The RPS International Photobook Exhibition Private View

 

 

RPS International Photobook Exhibition Private Viewing shown at the Espacio Gallery, London Bethnal Green.

 

A fantastic event,  organised by the RPS and some of its members. It was truly inspirational with a huge variety of works and a lot of talent.  I  felt priviliged to have my prints and book on display.  

 

 

National Treasure

National Treasure

 

I have only seen the first episode of the Chanel 4 four-part 2016 British Television drama, written by Jack Thorne, directed by Marc Munden, with Caleb Deschanel as director of photography etc. and starring Robbie Coltrane, Andrea Riseborough and Julie Walters.  Not only is the acting excellent, but the filming is ingenious. The play with depth of field and angles of the shots are so clever. The use of colour, shadows and lighting is captivating. I wanted to freeze each frame,  just to marvel at the images.  It really is worth seeing. 

Torment

I wanted my image to be accompanied by an extract from Sylvia Plath´s poem - Insomniac:

¨His head is a little interior of grey mirrors.

Each gesture flees immediately down an alley

Of diminishing perspectives, and its significance

Drains like water out the hole at the far end.

He lives without privacy in a lidless room,

The bald slots of his eyes stiffened wide-open

On the incessant heat-lightning flicker of situations¨

 

Image @Antoinette Castro

Image @Antoinette Castro

Thomas Ruff Jpegs

From Thomas Ruff´s Jpegs series

From Thomas Ruff´s Jpegs series

 

Thomas Ruff´s JPEGS Series

In his Jpegs series,  Ruff downloaded archived images as well as his own, mainly of untouched landscapes, war scenes or scenes depicting man´s atrocities.  He would blow these images up, so that at a distance of 10-15 metres,  these images appear as a photograph,  but close up,  they appear as thousands of pixelated squares, which ugly as these squares  may seem, in the right context, can create a beautiful or disturbing image - like man´s impact on earth.

Colberg and Campany wrote differing reviews, although both  acknowledged and appreciated the beauty of the JPEG images in Ruff´s book.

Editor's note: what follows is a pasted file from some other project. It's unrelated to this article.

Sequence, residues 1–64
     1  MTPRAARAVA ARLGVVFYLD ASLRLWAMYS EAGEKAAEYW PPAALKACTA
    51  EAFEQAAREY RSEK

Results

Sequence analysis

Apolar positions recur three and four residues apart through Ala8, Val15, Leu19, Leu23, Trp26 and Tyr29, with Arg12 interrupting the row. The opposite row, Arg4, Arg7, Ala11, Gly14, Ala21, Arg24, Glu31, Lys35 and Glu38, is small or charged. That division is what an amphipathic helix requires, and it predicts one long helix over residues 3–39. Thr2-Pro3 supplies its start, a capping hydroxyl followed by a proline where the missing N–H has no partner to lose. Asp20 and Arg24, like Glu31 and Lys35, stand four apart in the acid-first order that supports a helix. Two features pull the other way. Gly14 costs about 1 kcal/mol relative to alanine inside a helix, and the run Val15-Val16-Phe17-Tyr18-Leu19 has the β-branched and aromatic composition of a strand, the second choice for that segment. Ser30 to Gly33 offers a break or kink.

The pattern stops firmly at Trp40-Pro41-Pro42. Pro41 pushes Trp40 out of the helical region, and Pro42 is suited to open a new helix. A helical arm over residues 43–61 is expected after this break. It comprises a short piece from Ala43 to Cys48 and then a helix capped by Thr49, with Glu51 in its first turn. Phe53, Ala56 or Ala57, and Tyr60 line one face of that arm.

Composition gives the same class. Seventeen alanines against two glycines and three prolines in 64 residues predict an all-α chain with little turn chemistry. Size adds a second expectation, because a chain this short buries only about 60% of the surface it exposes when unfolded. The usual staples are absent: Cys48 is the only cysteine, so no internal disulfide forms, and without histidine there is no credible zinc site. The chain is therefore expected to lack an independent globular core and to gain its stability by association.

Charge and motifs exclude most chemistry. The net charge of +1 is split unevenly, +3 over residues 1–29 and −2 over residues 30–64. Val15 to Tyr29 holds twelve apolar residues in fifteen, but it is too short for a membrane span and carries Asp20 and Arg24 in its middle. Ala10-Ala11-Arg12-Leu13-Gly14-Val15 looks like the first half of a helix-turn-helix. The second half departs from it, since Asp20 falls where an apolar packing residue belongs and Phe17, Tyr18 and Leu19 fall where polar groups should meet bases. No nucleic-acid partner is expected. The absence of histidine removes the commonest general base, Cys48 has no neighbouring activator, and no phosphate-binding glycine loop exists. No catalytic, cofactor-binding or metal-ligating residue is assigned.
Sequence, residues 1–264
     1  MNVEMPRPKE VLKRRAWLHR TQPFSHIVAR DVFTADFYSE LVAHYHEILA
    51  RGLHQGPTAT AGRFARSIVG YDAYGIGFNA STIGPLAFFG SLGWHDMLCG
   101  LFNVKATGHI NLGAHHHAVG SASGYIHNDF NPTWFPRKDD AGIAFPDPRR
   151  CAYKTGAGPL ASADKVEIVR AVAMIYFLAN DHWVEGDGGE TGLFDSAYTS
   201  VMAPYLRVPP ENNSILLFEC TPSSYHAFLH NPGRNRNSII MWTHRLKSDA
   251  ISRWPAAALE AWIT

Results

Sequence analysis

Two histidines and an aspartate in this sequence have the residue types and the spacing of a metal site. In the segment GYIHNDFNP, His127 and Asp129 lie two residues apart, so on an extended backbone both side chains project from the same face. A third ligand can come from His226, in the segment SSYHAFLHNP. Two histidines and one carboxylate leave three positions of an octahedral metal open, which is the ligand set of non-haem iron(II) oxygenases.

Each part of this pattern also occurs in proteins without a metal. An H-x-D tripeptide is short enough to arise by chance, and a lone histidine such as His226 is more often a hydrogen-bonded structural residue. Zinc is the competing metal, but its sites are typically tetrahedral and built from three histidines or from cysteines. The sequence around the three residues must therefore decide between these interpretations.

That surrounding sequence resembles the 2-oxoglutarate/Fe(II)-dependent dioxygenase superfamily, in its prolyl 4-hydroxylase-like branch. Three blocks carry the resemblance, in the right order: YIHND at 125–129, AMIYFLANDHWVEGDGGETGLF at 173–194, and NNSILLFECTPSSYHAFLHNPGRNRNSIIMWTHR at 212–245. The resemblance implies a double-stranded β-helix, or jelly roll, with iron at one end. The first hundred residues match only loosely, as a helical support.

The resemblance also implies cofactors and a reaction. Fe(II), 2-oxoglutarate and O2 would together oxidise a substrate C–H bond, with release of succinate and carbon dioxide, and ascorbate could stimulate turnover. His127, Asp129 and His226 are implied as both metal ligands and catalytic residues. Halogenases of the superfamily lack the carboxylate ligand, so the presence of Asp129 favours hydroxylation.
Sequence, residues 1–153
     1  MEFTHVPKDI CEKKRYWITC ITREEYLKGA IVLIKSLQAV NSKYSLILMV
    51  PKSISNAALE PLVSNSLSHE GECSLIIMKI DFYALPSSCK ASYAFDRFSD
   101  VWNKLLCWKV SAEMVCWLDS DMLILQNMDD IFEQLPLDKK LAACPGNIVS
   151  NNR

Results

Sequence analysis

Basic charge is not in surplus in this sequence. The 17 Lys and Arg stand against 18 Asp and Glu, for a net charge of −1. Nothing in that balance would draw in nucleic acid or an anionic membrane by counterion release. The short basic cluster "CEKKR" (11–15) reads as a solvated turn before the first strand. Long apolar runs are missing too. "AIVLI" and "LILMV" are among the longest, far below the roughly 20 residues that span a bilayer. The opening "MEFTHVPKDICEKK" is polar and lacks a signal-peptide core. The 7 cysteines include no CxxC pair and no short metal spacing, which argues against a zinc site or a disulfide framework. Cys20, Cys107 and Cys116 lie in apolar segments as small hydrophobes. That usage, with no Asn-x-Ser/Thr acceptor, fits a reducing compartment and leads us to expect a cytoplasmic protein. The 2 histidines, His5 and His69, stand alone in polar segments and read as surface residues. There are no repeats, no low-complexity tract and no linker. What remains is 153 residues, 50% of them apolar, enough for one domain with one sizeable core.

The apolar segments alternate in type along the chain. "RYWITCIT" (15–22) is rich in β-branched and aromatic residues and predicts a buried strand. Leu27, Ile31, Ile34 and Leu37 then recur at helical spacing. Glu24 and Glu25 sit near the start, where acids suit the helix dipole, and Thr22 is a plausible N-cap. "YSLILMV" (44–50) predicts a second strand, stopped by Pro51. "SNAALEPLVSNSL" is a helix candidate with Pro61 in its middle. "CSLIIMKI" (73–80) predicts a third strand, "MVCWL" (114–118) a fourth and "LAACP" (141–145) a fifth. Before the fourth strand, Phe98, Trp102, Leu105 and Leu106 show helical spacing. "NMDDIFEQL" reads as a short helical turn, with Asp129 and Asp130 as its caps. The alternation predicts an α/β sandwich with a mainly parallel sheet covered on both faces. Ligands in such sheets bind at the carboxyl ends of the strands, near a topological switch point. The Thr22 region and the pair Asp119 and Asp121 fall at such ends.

Colberg, in his   Conscientious´review,  is   sceptical and appears to struggle in coming to some kind of understanding of the idea behind Ruff´s JPEGS work,  but acknowledges  that Ruff has tried to create some significance to the pixelation in an image and thus a new form of Art.  He credits him for being avante garde. But Colberg feels it has no significance, except to state the obvious technical aspect of digital imaging, in other words, if an image is beautiful, it just is, but no more so by fomenting the idea that pixelation adds a new dimension and beauty to the way an image is seen. 

Campany on the other hand,  highlights in his ´Aesthetic of the Pixel´ review,  how Ruff has brought awareness to the hugeness and importance of the archival grid.  Because of the very nature and availability of digital images on the internet, whether originally analogue or digital, the sheer availability makes it easier for these images to be used individually, commercially or globally and when transformed by sheer manipulation,  which Ruff has done,  impacts us even more.   Pixels and their sequencing create an image, which he sees as mirroring our world today:

 .  close up - abstract, but not random

 .  at a distance - an image. 

However we view Ruff´s JPEGS series, it certainly makes us think - check it out¡¡¡¡

Absence

Her life in his hands – they both need help¡

 

She begins, with her identity almost intact. A woman who still has self –respect, hope and joy in her life, but already the veil of suffering has started to form around her and the beginning of doubt has set in.

 

With time, the veil of abuse with all its destruction, loathing and pain covers her, she becomes deformed inside. Her identity eventually severed off and removed completely. She is no longer a person, but an object of psychological abuse.

Image and Text @Antoinette Castro  

Image and Text @Antoinette Castro

 

´Finding Vivian Maier´

¨Finding Vivian Maier¨ if you get a chance to see this extraordinary and compelling documentary, do it¡ 

Vivian Maier, a quirky and militant nanny, was a compulsive and obsessive street photographer. With no formal training but an incredible eye,  took over 100,000 fantastic images.  They were hidden away in storage lockers,  only to be discovered years after her death by John Maloof, in a local auction house. 

Maybe it was chance or maybe fate that brought him to the treasure box in 2007, but thanks to John Maloof, her work lives on.

 

 

 

 

 

 

Cindy Sherman´s work in the me Collectors Room

 A fantastic exhibition of Cindy Sherman´s work,  over three decades, showing at the ´me Collectors Room´ in Berlin, featuring 65 images. 

It is a must if you have a chance. I loved it¡  It gets you thinking.  Some of the images disturbing and even haunting.  A great postmodern art photographer. If I have to describe her work in a nutshell, I would say, as stated in the Photographers A-Z Hans-Michael Koetrzle guide: ¨Her narrative self-staging,  serves as a criticism of media and culture,  from a feminist perspective¨.  From my point of view,  it is a pretty good description of Sherman´s work.